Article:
I have more books than I can read. I may have more books than I can read in my lifetime. I’ve done the math: amount of pages I can read in a day divided by the approximate amount of pages I have on my bookshelves. At the time I assumed 100 pages a day. I was 20-something and my life was different then. Now, depending on the book I’m reading and how obligated I feel to finish it or how much I actually like reading it… I may read 20 pages a day.
I’ve been better at limiting the fiction books. I finish them and take them to the secondhand bookstore. There, I can trade several books for one new (unread by me) book. This works well as long as I keep taking books in and don’t buy too many new fiction books at the big, shiny bookstores. Of course, the fresh, unread by anyone, books from the bookstores are tempting. Not only are they newly published but I can give myself the excuse of reading with a latte at the bookstore.
Non-fiction books are another story. I buy more than I need. Always thinking I will read and study them and use what I have learned. Good intentions. But, I end up with a lot of books I’d like to read sitting on my bookshelves. I have to work at not buying more non-fiction.
One thing I have learned is to know what I already have. Including which edition. I really get annoyed with myself when I find I have bought the same book twice.
4. The TBR is your friend. Treat your TBR like a pop up bookstore. Don’t agonize, just pick one. But here’s the trick: if you don’t like it, move on quickly to the next book until you find one that scratches your new book itch. The problem with the TBR is that it can feel like a chore, whereas a new book is thrilling. So don’t force yourself to stick with something if it isn’t working. Keep plowing through until you hit on one that you can’t put down.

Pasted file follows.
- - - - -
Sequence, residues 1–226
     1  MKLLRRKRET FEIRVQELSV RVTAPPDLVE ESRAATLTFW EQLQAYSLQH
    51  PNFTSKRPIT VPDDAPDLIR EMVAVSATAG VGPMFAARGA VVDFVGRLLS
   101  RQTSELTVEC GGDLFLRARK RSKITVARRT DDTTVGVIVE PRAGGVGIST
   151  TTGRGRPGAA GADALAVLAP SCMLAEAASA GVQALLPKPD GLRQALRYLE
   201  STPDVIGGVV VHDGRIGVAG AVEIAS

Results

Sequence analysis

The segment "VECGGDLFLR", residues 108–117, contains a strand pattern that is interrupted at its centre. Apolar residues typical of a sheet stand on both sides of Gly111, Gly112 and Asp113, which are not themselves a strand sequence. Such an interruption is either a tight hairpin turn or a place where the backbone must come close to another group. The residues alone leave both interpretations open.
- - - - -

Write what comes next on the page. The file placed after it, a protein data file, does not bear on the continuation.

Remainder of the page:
3. Review your shelves and donate books you no longer need. This sounds counterintuitive, but it reduces the TBR and provides a visceral reminder of how much privilege is implied by the idea of having to work hard not to buy something that many people consider a luxury, in comparison to medicine, food, or rent.
2. Reorganize your book shelves. Maybe according to date, or color, or some other funky scheme. Or at least dust them. I guarantee you’ll have a new appreciation for what you already own. And it might pique your interest in a forgotten, unread purchase, or send you down several miles of memory lanes with old favorites.